"Thou hast spoken rightly, and therein, as it seemeth to me, was the wisdom of such a promise. We needed to set out with high hopes. There was time enough to learn afterwards to give them up, and to take the other blessings of which I spake."
"How sayest thou, O Nahshon! Is thy God then a Deceiver, who must deal falsely with you to draw you on? Surely, thou didst tell me, eight and thirty years ago, that He had given you such a promise, and that He would without fail give you that Land."
"I marvel, O Suli, that thou dost not understand this. The Land is ours. The promise is the same. None of us for a moment doubt it. In all our holy songs we still sing about it. We speak of it sometimes to one another, that it is ours by right, for God hath given it to us. And, indeed, the only trouble is that while we know it to be our home, we have not yet reached it."
"Nay, Nahshon, if this be thy philosophy, it is falsely so called; for surely, not to possess that which we have been promised, is worse than any poverty whatsoever. Thy words as thou speakest now, do contradict all whereof thou didst once assure me. One word thou spakest then--the saying of thy father Abraham--hath ever been borne in mind by me as the sublimest speech mine ears have ever heard-- 'What God hath promised He is able also to perform!' Not until then had I ever heard of a God of real power, who had never failed to help His worshipers. A strange whisper sounded through my soul, 'This is that unknown God for whom thou seekest!' Yet have I wandered on, over many lands, having resolved to spend my days in seeking after that which is true, and to make out what I might of this great riddle of life, and to learn of those mysterious beings, whom we see not, but who no less clearly seem to exist. And now I had come back to thy people as the people of the True and Living God. But from that which thou hast told me, I perceive that thou wast mistaken. Even He is not true! All others, I am well persuaded, are false; and now I must die, despairing of ever knowing whether there be a God that has power upon earth or no. Thou mayest be satisfied for thyself, but thou hast made the heart of thy servant sad."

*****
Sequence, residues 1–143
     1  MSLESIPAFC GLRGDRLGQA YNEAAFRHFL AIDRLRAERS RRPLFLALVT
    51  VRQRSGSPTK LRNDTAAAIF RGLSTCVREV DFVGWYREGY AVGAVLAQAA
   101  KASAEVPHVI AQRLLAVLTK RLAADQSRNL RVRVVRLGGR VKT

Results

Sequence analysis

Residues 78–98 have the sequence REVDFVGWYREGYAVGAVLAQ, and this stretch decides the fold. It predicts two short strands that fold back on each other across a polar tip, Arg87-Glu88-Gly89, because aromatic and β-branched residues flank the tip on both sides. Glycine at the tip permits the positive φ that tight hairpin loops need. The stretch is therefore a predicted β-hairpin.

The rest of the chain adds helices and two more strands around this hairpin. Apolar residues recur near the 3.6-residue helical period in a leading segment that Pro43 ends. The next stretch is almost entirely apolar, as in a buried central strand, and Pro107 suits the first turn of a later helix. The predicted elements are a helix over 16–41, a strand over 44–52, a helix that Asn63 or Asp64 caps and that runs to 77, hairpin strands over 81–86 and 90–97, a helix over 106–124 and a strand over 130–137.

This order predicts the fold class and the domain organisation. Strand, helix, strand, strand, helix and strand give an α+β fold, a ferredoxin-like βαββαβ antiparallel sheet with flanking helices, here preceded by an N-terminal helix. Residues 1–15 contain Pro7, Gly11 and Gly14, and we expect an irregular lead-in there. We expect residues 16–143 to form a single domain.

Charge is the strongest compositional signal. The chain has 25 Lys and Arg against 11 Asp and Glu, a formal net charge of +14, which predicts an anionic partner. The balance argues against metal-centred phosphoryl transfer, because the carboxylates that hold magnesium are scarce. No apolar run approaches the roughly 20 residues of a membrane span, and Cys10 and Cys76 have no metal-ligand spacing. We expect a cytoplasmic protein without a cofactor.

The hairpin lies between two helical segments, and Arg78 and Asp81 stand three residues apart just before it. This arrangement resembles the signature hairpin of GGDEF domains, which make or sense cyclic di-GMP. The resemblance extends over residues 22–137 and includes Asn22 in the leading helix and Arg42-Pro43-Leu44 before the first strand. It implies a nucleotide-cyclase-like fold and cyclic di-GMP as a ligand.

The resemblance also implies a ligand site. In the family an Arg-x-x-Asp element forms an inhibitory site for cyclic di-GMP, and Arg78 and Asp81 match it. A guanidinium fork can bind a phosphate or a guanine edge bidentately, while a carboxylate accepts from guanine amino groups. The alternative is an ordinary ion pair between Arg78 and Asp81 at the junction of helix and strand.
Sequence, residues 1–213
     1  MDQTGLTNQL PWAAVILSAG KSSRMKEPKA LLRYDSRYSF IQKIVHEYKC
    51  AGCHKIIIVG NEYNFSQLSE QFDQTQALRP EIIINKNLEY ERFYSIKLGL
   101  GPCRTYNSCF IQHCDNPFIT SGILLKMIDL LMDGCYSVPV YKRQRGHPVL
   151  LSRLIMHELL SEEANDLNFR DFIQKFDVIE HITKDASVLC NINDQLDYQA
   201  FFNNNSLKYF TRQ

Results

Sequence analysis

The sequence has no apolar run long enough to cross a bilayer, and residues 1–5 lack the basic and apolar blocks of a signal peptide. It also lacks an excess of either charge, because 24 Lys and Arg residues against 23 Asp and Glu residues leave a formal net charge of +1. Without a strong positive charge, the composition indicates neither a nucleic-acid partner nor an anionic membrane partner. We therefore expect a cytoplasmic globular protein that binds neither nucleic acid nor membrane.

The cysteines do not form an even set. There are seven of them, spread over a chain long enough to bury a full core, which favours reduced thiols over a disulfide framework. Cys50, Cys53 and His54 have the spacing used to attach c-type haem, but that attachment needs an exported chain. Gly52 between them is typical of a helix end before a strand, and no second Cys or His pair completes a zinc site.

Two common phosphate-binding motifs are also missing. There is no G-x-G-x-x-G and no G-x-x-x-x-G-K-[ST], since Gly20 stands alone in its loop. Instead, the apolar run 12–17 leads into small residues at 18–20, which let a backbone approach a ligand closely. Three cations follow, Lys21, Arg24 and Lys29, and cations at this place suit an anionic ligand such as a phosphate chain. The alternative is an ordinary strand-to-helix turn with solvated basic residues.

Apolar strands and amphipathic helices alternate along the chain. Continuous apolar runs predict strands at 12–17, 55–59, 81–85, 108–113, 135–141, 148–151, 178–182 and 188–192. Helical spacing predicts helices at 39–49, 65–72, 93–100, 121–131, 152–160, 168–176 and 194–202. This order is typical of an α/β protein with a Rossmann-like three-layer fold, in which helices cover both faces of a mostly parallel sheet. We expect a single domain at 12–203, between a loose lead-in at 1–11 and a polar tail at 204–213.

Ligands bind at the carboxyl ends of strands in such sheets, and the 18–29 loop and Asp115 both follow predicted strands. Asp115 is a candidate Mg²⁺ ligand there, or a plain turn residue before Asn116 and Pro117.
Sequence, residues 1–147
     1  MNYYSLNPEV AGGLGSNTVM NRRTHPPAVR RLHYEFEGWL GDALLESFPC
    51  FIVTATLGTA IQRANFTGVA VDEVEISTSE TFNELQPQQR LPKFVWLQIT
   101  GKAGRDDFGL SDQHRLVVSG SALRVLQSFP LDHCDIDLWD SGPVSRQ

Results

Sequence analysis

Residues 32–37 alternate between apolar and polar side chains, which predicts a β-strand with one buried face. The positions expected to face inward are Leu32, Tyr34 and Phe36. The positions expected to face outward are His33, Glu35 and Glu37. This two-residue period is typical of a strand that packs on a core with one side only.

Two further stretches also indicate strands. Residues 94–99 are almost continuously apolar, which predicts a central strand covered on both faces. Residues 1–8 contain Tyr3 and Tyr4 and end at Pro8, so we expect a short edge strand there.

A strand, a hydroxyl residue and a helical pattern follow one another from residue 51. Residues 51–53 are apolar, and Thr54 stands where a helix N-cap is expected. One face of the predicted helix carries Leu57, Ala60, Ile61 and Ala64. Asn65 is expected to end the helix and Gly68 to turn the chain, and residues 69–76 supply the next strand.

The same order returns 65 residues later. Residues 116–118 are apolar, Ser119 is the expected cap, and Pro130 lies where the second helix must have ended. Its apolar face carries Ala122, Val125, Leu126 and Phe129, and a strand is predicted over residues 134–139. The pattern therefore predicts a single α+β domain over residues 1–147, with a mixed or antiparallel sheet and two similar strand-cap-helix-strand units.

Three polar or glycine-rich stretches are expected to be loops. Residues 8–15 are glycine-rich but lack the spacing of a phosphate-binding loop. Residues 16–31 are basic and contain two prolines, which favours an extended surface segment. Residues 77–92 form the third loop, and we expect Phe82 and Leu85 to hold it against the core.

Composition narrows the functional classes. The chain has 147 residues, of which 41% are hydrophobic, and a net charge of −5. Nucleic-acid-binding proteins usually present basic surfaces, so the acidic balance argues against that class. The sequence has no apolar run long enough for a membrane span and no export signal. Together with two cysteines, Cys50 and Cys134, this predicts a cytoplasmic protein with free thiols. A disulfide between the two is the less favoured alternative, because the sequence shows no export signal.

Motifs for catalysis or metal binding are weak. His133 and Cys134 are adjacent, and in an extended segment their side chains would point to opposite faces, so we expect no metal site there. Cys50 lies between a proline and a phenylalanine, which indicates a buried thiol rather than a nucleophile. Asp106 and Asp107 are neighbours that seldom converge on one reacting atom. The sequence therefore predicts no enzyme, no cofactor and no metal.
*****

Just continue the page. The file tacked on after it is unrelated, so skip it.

"Stay, stay, my friend! Thou dost force me to confess that which I should have told thee at the first. Our God was faithful and true; but we ourselves became disobedient, and refused to enter the land because of our fears. Therefore are all we who are men to die in the wilderness; and our children are yet to possess it, if they be willing and obedient. Only a few remain among the living, and already, as thou seest, O Suli! is my strength decaying before my time. So soon as the last of us hath departed, they will cross over Jordan and possess that land. I rejoice for the sake of my children, for far be it from them to live the life which I have lived. I can only trust that we may render this service to our God; that all who follow will be warned by our example, what a fearful thing and bitter it is not to believe iri the word of our God. Surely all generations to come will point the finger at us as they say, 'Take heed lest ye also come short after this example of unbelief.' I must die, but may thy life, O Suli! be spared to see with thine own eyes what glorious things the Lord our God can do. And then, surely, thou wilt cast in thy lot with this people, and thou wilt say, 'This God shall be my God for ever and ever. He is true and faithful altogether.'"
1. Num. xiii. 21.
2. Num. xiii. 22.
3. Num. xiii. 27.
4. Num. xiii. 28, 29.
5. Num. xiii. 30.
6. Num. xiii. 31.
7. Num. xiii. 33.
8. Ex. xv.
9. Num. xiv. i.
10. Num. xiv. 3, 4.
11. Num. xiv. 7-9.
12. Num. xiv. 10.
13. Num. xiv. 11.
14. Ps. lxxviii. 19-22
15. Num. xiv. 20.
16. Num. civ. 22.
17. Num. xiv. 28-34.
18. Num. xiv. 37.
19. Deut. i. 31.
20. Acts xiii. 18. "The beauty of this metaphor has been lost to the authorized version on account of the reading (...) adopted in the Textus Receptus. Griesbach, Scholz, and Lachman restored the latter reading on the authority of the Uncial MSS., A. C. E. We regret to see that Teschendorf has reinstated the former reading (because it has a somewhat greater weight of MSS. of the Greek Testament in its favor) without taking into account the evident allusion to Deut. i. 31, where ... is acknowledged to be the correct reading."--Conybeare and Howson's Life and Epistles of St. Paul, vol. i. chap. vi.
21. Heb. iii. 17--iv. 3.
22. 1 John v. 10.